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PostPosted: Thu Mar 25, 2010 2:00 pm 
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When does the Haircovered Knapsacks start to fall out of the ranks of the USSS and does the DB Knapsack take over at all?

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PostPosted: Thu Mar 25, 2010 6:02 pm 
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Joseph,

Loaded question! :D Unfortunately my reference books and notes are in storage so I can't quite directly here, however I can answer this from memory and a few online sources. If I'm wrong about dates, etc. and someone else here can correct me, please do!!!

1862

Berdan issued regimental orders during the Peninsula Campaign stating that during marches or when the men were going into battle in heavy marching order, knapsacks and other equipment were not to be removed. This is mentioned by New Yorker Harrison DeLong in a letter from the spring of 1862; DeLong was sick at the time and complained about the orders against removing knapsacks.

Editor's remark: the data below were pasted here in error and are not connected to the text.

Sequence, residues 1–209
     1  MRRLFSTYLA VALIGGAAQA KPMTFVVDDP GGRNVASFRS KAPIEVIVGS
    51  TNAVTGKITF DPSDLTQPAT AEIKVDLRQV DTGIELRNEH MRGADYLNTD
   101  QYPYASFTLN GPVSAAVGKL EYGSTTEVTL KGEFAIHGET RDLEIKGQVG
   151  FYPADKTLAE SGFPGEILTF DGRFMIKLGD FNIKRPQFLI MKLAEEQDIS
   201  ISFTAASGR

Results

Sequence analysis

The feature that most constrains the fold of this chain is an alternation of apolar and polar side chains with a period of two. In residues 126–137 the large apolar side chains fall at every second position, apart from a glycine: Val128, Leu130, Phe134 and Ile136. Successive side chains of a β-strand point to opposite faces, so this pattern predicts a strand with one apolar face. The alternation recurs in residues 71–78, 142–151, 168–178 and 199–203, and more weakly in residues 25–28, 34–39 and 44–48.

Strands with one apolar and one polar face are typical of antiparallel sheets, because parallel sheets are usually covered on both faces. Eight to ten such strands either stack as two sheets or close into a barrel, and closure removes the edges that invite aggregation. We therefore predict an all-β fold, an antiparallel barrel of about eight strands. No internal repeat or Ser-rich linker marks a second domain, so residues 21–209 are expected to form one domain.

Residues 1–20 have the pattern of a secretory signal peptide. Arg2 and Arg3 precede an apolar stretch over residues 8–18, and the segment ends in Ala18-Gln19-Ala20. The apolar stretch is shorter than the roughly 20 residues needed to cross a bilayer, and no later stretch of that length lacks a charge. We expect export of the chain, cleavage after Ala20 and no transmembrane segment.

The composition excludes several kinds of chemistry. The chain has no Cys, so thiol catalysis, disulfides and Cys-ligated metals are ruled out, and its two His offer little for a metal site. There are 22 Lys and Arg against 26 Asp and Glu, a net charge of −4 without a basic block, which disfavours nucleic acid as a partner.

I recall that the companies deployed as skirmishers before the battle of Beaver Dam Creek/Mechanicsville in June 1862 were ordered to drop knapsacks behind the lines. After they were engaged in combat, many noted that they did not return to retrieve their knapsacks and thus lost them. Cyrus Hardaway, Co. D 1st U.S.S.S., makes note of losing his knapsack during this battle and having only one shirt and one stocking. In another account from the same battle it was said that only Companies C and G lost their knapsacks here as well so they may have been deployed to a different part of the line.

Brigham Buswell of Company F 1st, noted in a post-war memoir of Malvern Hill that he had done away with his knapsack and carried only a spare shirt, spare socks, and a sewing kit rolled up in a gum blanket (his uniform was "blue pants, an army blouse, and a cap).

Depew Swartout, Co. D 1st, stated in his diary on July 7th, "Men are drawing clothing as most of them lost all in our six days march. Could not carry it" which to me implies that those who had knapsacks or blanket rolls containing clothing during the Seven Days campaign (which is what Swartout is referring to) had thrown them away. While he says that "most" lost their clothing, this could pertain to his company, his regiment, or more likely the entire army.

While the army was encamped at Harrison's Landing after the battle of Malvern Hill, Cyrus Hardaway again noted on July 30th that "We had a circular read on dress parade advising the men not to draw knapsacks and no Extra Clothing to take advantage of the present chance to rest so as to be ready to march at a moments notice." Hardaway also mentions that the officers were permitted to carry no more than a complete shelter tent (two halves) around the same time.